FOR IMMEDIATE RELEASE | December 20, 2006
Court to Decide Whether Same-Sex Couples Can Legally Wed
(San Francisco, CA, December 20, 2006) — Today the California Supreme Court unanimously decided to grant review in the California marriage cases seeking to remove the current ban on marriage for same-sex couples. Opening briefs are due January 19, 2007.
"We are delighted that the Court ruled so quickly and unanimously to grant review," said Shannon Minter, legal director for the National Center for Lesbian Rights and lead counsel on behalf of same-sex couples in Woo v. Lockyer. "This is yet another indication that the California Supreme Court appreciates the importance of this issue not only for same-sex couples and their children, but for the entire state. We are grateful to the Court for moving so quickly and hopeful the Court will stand up for basic fairness and bring an end to the current ban on marriage for an entire group of Californians."
The couples and organizations are represented by lead counsel from the National Center for Lesbian Rights (NCLR), Lambda Legal, the American Civil Liberties Union (ACLU), Heller Ehrman LLP, and the Law Office of David C. Codell.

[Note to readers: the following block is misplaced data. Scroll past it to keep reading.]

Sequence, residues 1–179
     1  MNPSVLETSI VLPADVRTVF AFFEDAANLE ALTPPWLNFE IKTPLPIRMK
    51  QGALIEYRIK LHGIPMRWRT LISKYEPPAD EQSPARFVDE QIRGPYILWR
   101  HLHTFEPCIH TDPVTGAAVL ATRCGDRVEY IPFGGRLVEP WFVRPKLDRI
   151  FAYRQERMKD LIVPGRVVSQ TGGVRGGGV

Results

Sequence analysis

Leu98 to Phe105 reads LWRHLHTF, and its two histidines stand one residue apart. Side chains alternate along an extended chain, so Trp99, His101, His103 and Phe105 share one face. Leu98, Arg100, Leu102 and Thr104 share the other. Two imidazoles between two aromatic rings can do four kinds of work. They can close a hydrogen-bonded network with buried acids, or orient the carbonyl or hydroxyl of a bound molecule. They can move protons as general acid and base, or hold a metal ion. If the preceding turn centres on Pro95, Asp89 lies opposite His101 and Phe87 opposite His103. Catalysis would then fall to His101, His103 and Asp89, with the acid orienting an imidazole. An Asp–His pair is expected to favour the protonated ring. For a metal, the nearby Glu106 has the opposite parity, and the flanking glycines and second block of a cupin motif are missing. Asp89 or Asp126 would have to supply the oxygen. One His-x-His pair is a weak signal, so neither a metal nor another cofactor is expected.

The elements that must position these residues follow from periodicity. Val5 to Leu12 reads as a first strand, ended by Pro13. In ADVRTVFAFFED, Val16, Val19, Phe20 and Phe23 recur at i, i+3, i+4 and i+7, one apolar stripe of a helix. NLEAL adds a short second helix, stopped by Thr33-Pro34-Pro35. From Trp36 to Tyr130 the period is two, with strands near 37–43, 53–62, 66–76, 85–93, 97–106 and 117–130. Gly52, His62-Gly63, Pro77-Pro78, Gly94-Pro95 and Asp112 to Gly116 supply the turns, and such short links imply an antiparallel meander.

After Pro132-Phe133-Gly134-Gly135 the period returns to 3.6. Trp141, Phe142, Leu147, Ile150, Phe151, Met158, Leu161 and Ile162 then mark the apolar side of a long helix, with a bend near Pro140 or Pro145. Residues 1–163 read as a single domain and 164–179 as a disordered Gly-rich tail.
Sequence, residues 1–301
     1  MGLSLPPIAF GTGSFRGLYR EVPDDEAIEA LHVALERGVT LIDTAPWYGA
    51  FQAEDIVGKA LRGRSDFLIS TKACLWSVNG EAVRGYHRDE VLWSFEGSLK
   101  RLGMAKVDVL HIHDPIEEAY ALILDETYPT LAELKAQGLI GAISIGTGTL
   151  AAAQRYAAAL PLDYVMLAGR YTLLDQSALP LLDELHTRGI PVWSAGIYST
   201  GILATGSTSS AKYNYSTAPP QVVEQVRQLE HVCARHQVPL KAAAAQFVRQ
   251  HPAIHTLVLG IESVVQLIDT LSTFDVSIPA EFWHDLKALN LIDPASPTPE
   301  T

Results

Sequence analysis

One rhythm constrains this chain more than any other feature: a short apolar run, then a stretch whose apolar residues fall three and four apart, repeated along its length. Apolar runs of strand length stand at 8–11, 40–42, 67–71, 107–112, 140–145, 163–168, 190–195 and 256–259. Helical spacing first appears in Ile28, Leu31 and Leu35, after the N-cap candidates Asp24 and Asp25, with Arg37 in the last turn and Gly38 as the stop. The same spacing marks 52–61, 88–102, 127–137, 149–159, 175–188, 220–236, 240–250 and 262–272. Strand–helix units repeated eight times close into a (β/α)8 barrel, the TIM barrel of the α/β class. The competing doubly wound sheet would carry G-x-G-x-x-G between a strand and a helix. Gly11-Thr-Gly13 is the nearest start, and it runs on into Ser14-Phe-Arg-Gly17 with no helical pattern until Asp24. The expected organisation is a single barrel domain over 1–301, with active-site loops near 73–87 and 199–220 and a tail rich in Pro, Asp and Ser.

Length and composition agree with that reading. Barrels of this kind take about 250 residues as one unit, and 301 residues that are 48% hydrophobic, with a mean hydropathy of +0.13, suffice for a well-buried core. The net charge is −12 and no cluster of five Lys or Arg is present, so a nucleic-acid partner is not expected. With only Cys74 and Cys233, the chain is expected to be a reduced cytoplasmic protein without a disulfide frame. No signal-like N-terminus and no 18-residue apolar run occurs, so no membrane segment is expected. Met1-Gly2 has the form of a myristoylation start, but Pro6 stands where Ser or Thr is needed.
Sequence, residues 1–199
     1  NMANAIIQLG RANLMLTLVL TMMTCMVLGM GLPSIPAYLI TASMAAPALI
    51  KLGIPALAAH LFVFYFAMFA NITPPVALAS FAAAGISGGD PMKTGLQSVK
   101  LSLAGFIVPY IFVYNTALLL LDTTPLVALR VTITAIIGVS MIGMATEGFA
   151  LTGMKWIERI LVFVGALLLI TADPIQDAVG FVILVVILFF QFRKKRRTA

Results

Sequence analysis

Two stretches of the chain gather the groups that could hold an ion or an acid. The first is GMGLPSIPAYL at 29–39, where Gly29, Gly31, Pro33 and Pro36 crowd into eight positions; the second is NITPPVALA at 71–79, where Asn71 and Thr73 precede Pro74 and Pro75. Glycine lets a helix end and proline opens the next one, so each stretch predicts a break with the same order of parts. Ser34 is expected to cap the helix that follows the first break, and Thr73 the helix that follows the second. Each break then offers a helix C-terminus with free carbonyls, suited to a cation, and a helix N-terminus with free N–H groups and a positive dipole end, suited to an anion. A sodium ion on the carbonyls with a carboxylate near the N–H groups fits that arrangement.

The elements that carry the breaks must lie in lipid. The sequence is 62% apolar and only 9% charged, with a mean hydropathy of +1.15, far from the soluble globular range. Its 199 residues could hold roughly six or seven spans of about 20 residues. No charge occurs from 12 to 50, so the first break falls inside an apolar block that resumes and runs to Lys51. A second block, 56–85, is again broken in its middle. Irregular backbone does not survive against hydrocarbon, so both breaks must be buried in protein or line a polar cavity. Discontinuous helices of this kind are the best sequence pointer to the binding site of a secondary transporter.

In April 2005, San Francisco Superior Court Judge Richard A. Kramer ruled that barring same-sex couples from marriage unconstitutionally discriminates on the basis of sex and violates the fundamental right to marry. The California Court of Appeal overturned Judge Kramer's ruling in a 2-1 decision last month, saying that California may continue to bar same-sex couples from marriage. The Court today agreed to review the Court of Appeal decision.
More than 250 religious and civil rights organizations, including the California NAACP, Mexican American Legal Defense and Educational Fund, California Council of Churches, Asian Pacific American Legal Center, and National Black Justice Coalition, filed amicus briefs supporting marriage equality for same-sex couples.
In 2005, the California Legislature passed AB 849, the Religious Freedom and Civil Marriage Protection Act sponsored by Equality California, which would have ensured equal treatment under the law by allowing same-sex couples to marry in California. Governor Schwarzenegger vetoed the bill.
The National Center for Lesbian Rights is a national legal organization committed to advancing the civil and human rights of lesbian, gay, bisexual, and transgender people and their families through litigation, public policy advocacy, and public education.